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Now is the time for schemes to turn their attention to social risk factors

6 Sep 2021

Lauren Wilkinson is a senior policy researcher at the Pensions Policy Institute (PPI)

From the ongoing Covid-19 pandemic to growing equality and human rights movements, the last year has brought many significant changes in terms of behaviour and views relating to social factors. Public attitudes on social issues are shifting and becoming increasingly important, as awareness and concern about inequality and injustice grows.

However, pension schemes are not necessarily monitoring public movements and shifts in opinion that may affect the financial positions of companies in which they are invested. 61% of schemes in the PPI Engaging with ESG Survey said that social or environmental movements had not affected their investment strategy. But nearly two thirds (64%) of Principles for Responsible Investment (PRI) signatories surveyed in 2020 said that Covid-19 had highlighted new social issues.1

The events of the last year appear to have begun a shift to greater consideration of social factors, albeit one that will require much development before it achieves the same levels of integration as climate change, which has been in heavy focus for some time.

Developments over the course of 2020 and early months of 2021 have emphasised how rapidly focus on social issues can evolve and come to the fore, under-scoring the importance of schemes being proactive and flexible in their approach to considering the financial implications of social issues, and ESG more broadly, in their investment strategies.

Social risk factors can have a substantial impact on the sustainability of supply chains and the value of shares held by investors, presenting a material financial risk to schemes that do not appropriately take account of these risks.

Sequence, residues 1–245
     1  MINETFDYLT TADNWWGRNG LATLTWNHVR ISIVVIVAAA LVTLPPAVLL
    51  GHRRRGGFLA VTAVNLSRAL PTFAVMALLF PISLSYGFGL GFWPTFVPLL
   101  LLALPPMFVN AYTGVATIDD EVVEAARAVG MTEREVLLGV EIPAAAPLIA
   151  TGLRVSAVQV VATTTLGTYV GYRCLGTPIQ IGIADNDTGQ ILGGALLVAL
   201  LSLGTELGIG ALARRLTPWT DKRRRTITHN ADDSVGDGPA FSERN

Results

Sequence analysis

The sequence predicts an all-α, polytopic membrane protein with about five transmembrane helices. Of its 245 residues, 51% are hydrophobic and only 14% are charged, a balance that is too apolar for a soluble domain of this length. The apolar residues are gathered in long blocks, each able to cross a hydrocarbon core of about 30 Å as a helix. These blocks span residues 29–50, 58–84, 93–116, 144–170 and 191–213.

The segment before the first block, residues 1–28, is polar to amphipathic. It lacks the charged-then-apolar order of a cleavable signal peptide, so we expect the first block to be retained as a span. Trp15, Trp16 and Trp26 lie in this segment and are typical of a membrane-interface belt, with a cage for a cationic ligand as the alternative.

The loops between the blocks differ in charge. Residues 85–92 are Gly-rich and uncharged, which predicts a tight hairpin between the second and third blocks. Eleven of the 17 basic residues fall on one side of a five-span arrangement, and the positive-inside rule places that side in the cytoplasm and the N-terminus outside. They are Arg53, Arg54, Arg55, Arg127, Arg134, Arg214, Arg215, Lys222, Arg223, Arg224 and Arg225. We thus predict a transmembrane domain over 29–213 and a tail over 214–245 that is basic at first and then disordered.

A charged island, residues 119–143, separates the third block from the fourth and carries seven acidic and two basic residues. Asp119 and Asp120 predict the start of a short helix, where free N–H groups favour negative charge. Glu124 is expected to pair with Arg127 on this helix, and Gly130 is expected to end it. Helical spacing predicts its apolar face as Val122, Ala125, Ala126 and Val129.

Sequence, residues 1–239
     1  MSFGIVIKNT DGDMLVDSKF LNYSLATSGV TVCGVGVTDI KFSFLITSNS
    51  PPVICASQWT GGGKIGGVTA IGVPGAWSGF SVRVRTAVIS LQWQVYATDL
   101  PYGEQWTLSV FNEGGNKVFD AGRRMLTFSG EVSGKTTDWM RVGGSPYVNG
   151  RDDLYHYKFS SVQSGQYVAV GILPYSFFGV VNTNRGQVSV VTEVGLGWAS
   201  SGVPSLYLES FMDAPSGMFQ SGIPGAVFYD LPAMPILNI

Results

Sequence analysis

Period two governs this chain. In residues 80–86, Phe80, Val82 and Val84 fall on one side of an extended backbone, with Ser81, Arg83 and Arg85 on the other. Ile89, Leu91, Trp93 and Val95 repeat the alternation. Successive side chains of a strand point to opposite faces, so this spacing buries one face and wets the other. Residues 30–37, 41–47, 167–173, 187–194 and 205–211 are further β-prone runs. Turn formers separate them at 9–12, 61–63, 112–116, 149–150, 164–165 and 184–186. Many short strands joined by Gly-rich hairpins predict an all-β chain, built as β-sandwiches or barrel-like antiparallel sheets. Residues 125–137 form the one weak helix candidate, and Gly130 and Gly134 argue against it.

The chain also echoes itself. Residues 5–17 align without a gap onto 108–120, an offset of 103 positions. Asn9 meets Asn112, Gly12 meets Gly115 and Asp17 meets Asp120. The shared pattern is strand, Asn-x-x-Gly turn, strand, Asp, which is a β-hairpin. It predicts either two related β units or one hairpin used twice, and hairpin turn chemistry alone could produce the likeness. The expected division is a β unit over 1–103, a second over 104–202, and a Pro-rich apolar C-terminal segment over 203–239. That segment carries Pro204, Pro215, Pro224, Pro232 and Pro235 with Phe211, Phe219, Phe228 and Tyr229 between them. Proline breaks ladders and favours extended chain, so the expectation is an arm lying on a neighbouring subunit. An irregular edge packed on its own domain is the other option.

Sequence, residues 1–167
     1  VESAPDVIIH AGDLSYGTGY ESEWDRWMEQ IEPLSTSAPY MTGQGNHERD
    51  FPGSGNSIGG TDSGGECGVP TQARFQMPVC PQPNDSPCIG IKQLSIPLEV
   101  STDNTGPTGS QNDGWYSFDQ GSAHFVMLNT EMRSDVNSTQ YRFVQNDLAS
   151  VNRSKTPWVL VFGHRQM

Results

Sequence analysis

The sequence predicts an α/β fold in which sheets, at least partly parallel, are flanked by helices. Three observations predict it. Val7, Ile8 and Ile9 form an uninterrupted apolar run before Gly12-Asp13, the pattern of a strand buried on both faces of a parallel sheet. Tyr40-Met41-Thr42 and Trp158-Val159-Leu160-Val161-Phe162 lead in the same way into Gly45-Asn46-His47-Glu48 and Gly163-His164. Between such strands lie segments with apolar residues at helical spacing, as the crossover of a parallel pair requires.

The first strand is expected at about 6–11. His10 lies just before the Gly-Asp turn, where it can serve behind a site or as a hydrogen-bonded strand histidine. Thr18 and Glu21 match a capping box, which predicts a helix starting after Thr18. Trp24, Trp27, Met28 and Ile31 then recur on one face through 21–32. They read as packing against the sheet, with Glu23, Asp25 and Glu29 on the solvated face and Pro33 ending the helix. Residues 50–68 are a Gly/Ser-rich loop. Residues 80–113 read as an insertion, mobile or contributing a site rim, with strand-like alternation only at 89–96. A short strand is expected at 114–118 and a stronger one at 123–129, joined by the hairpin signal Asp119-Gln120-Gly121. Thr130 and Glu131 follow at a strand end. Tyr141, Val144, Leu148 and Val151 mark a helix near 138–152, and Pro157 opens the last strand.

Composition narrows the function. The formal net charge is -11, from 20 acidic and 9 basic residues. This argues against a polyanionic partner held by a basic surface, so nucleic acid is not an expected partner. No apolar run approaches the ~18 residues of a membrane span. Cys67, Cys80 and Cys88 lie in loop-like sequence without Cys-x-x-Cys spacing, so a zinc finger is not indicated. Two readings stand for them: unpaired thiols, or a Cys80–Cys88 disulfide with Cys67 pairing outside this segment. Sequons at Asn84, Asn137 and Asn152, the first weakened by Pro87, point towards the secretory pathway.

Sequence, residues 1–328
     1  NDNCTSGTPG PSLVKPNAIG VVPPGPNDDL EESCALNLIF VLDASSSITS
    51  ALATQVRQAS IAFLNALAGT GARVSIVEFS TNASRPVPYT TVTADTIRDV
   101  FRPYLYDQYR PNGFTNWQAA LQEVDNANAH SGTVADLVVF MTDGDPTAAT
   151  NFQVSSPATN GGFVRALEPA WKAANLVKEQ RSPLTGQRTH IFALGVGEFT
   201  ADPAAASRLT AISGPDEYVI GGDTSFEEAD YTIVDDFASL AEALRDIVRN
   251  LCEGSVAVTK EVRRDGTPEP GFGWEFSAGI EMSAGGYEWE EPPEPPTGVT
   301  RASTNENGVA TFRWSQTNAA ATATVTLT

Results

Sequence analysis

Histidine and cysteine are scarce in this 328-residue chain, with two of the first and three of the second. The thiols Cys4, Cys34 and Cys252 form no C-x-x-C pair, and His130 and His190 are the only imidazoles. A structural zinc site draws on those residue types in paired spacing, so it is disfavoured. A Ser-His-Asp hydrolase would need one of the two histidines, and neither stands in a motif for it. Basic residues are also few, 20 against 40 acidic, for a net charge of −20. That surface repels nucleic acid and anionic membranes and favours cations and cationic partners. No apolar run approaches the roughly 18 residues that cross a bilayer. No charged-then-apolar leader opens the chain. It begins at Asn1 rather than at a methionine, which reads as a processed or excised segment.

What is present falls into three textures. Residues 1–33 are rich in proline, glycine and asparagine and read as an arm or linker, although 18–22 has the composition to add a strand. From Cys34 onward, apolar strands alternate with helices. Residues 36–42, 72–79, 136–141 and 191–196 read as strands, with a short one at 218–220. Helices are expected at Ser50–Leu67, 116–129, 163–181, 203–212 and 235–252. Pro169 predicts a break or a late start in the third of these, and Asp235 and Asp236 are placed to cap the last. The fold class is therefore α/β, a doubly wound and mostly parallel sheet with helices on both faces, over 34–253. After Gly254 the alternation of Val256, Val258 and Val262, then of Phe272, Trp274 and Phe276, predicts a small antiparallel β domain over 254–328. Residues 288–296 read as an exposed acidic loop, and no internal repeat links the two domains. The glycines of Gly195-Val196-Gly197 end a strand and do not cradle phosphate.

However, the broader range of issues that fall under the social area of ESG considerations, along with the qualitative nature of social metrics and lower levels of familiarity among scheme decision-makers, can make it complex to integrate social risks into investment strategies.

More than a quarter (28%) of respondents to the Engaging with ESG Survey said that too much information had been a challenge when designing their ESG approach, while 22% said that conflicting information had also been a challenge.

Difficulties associated with evaluating social risks and opportunities mean that developing an understanding of data around social factors, and how this relates to scheme investment decisions, is more challenging than for environmental and governance factors.

While financial risk must be the main focus of pension schemes when integrating ESG factors into their investment strategies, the social investment sphere generally focuses not just on limiting potential damage but also creating social benefit.

This means that social factors can be more challenging to assess than environmental factors, which tend to focus on reducing harm, or governance, which tends to operate within existing legal or stewardship frameworks.

Considering historical confusion about the extent to which ESG factors are financially material and a perceived conflation between ESG and ethics, the nature of social factors might make some investment decision makers more hesitant to engage where the financial materiality is less obvious than for environmental or governance factors.

These are challenges that schemes and those investing on their behalf will need to get to grips with if they are to appropriately protect members against the full range of ESG risks, including social factors.

Along- side external events and societal shifts, government is working to broaden the ESG focus beyond climate change and exploring ways in which schemes can better integrate social risks into their investment strategy.

In March, the Department for Work and Pensions announced a consultation on ‘Consideration of social risks and opportunities by occupational pension schemes’, which highlights the need for the ESG investment landscape to expand from a specific focus on climate change to a broader approach.

As schemes seek to better protect members against ESG risks, decision-makers will need to ensure that they have sufficient under- standing and flexibility to meet challenges in the rapidly evolving area of social risks.

Footnote

1) PRI (2020) COVID-19 accelerates ESG trends, global investors confirm

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